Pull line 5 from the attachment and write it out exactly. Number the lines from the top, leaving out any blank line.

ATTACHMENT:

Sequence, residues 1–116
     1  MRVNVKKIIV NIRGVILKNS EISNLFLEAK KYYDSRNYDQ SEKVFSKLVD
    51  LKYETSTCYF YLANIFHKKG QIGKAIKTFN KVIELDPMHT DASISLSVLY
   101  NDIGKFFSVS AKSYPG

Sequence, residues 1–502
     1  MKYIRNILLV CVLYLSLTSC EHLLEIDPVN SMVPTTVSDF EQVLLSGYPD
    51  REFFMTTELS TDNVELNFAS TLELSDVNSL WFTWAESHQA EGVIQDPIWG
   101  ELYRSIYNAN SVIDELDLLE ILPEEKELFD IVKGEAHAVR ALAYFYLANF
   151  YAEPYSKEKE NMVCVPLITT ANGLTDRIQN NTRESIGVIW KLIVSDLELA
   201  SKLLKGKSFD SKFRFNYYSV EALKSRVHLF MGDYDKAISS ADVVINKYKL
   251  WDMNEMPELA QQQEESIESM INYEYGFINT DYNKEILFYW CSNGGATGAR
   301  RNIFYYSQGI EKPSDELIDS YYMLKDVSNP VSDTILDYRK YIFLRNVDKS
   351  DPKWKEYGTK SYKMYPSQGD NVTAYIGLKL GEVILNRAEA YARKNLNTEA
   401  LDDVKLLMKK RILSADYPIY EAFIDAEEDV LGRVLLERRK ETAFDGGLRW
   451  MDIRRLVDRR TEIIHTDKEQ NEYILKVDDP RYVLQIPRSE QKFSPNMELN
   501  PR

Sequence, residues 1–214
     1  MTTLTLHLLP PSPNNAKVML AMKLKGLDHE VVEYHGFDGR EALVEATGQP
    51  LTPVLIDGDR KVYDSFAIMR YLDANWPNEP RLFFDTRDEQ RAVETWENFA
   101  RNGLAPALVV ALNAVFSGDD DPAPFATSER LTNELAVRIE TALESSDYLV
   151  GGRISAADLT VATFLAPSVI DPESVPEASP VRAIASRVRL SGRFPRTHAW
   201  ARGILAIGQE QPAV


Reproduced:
Sequence, residues 1–502